The clover made excellent pasture and hay fields as well as green manure when it was plowed under after one or two years. The addition of clover and turnips allowed more animals to be kept through the winter, which in turn produced more milk, cheese, meat, and manure, which maintained soil fertility.
Charles ‘Turnip’ Townshend, an agriculturalist who was a great enthusiast of four-field crop rotation and the cultivation of turnips.
Townshend is often mentioned, together with Jethro Tull, Robert Bakewell, and others, as a major figure in England’s Agricultural Revolution, contributing to the adoption of agricultural practices that supported the increase in Britain’s population between 1700 and 1850.
In the mid-18th century, two British agriculturalists, Robert Bakewell and Thomas Coke introduced selective breeding as a scientific practice (mating together two animals with particularly desirable characteristics) and using inbreeding (the mating of close relatives) to stabilize certain qualities in order to reduce genetic diversity. Arguably, Bakewell’s most important breeding program was with sheep.
Using native stock, he was able to quickly select large, yet fine-boned sheep with long, lustrous wool. Bakewell was also the first to breed cattle to be used primarily for beef. Previously, cattle were first and foremost kept for pulling plows as oxen or for dairy uses, with beef from surplus males as an additional bonus. As more and more farmers followed Bakewell’s lead, farm animals increased dramatically in size and quality.
Certain practices that contributed to more productive use of land intensified, for example converting some pasture land into arable land and recovering fenland and some pastures. It is estimated that the amount of arable land in Britain grew by 10-30% through these land conversions.
Other developments came from Flanders and the Netherlands, where due to the large and dense population, farmers were forced to take maximum advantage of every bit of usable land. The region became a pioneer in canal building, soil restoration and maintenance, soil drainage, and land reclamation technology. Dutch experts like Cornelius Vermuyden brought some of this technology to Britain.
Finally, water-meadows were utilized in the late 16th to the 20th centuries and allowed earlier pasturing of livestock after they were wintered on hay. This increased livestock yields, giving more hides, meat, milk, and manure as well as better hay crops.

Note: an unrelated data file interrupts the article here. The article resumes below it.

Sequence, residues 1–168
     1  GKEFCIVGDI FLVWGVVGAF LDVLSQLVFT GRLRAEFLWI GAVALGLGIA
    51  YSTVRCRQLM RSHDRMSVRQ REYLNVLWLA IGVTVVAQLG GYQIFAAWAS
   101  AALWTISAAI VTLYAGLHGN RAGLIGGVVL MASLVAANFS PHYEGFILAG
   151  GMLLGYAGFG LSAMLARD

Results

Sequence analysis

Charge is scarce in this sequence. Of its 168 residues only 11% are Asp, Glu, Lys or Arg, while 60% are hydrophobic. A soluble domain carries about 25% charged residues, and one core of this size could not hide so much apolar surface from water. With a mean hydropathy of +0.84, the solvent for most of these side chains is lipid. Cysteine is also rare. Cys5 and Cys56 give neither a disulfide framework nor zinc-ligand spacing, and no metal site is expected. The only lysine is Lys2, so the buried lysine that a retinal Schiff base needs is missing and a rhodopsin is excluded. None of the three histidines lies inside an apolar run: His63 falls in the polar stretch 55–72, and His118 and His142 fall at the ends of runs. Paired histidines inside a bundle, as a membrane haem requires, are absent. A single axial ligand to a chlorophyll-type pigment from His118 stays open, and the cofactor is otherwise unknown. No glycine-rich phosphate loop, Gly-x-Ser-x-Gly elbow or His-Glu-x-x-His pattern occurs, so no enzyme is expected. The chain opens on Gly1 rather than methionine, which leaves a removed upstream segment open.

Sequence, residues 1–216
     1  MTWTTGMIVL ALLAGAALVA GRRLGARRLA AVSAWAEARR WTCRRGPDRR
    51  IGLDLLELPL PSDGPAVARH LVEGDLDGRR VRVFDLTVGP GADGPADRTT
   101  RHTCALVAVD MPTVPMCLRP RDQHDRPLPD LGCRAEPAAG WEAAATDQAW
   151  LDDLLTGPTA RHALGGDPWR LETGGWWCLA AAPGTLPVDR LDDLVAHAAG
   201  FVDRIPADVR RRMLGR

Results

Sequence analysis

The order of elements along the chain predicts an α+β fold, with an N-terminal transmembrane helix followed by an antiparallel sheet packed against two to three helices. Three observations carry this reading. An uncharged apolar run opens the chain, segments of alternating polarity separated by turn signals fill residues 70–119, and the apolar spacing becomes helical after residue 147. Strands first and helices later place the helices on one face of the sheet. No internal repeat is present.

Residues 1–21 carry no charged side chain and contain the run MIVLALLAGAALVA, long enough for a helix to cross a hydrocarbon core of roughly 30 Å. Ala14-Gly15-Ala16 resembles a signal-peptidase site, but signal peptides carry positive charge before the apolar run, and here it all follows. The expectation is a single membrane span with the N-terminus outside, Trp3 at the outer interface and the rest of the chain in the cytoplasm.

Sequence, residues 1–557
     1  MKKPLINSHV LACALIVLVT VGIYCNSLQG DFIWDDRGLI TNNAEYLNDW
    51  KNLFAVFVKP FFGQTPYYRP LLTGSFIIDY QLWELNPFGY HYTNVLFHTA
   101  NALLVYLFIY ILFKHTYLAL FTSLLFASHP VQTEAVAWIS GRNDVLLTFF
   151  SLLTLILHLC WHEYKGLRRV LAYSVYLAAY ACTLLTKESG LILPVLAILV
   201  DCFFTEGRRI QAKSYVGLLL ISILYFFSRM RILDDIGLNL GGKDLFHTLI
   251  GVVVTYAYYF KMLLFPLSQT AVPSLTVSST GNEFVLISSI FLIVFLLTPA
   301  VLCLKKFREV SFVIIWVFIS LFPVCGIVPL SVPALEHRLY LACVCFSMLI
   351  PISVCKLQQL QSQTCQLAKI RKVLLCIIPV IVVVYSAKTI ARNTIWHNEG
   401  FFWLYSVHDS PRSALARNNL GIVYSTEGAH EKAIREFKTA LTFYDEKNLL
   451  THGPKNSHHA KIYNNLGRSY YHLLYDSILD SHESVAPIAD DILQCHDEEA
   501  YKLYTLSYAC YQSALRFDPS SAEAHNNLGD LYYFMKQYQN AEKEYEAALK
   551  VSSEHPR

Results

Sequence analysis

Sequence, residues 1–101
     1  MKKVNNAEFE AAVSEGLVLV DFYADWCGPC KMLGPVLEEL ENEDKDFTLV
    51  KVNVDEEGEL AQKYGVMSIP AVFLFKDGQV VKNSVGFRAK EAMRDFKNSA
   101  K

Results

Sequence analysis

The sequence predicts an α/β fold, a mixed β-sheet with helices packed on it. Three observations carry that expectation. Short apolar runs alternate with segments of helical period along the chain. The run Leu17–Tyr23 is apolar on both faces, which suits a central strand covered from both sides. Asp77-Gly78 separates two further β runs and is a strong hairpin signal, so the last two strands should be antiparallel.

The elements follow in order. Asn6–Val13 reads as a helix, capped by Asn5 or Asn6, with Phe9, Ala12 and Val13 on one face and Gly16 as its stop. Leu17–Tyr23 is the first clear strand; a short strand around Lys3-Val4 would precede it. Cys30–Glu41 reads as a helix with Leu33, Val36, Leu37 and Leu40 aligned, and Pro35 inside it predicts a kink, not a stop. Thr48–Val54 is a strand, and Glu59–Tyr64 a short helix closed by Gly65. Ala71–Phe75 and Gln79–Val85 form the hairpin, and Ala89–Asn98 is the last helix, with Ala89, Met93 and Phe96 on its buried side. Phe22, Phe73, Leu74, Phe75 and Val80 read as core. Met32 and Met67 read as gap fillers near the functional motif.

New Agricultural Tools
An important factor of the Agricultural Revolution was the invention of new tools and the advancement of old ones, including the plow, seed drill, and threshing machine, to improve the efficiency of agricultural operations.
Agricultural Revolution: Mechanization
The mechanization and rationalization of agriculture was a key factor of the Agricultural Revolution. New tools were invented and old ones perfected to improve the efficiency of various agricultural operations.
The basic plough with coulter, ploughshare, and moldboard remained in use for a millennium. Major changes in design did not become common until the Age of Enlightenment, when there was rapid progress. The Dutch acquired the iron tipped, curved moldboard, adjustable depth plough from the Chinese in the early 17th century.
It had the ability to be pulled by one or two oxen compared to the six or eight needed by the heavy-wheeled northern European plough. The Dutch plough was brought to Britain by Dutch contractors hired to drain East Anglian fens and Somerset moors. The plough was extremely successful on wet, boggy soil, but soon was used on ordinary land.
In 1730, Joseph Foljambe in Rotherham, England, used new shapes as the basis for the Rotherham plough, which also covered the moldboard with iron. Unlike the heavy plough, the Rotherham (or Rotherham swing) plough consisted entirely of the coulter, moldboard, and handles.
By the 1760s Foljambe was making large numbers of these ploughs in a factory outside of Rotherham, using standard patterns with interchangeable parts. The plough was easy for a blacksmith to make and by the end of the 18th century it was being made in rural foundries. By 1770, it was the cheapest and best plough available. It spread to Scotland, America, and France. It may have been the first plough to be widely built in factories and the first to be commercially successful.
In 1789 Robert Ransome, an iron founder in Ipswich, started casting ploughshares in a disused malting at St. Margaret’s Ditches. As a result of a mishap in his foundry, a broken mold caused molten metal to come into contact with cold metal, making the metal surface extremely hard — chilled casting — which he advertised as “self sharpening” ploughs and received patents for his discovery. In 1789, Ransomes, Sims & Jefferies was producing 86 plough models for different soils.
James Small further advanced the design. Using mathematical methods, he experimented with various designs until he arrived at a shape cast from a single piece of iron, an improvement on the Scots plough of James Anderson of Hermiston.
A single-piece cast iron plough was also developed and patented by Charles Newbold in the United States. This was again improved on by Jethro Wood, a blacksmith of Scipio, New York, who made a three-part Scots Plough that allowed a broken piece to be replaced.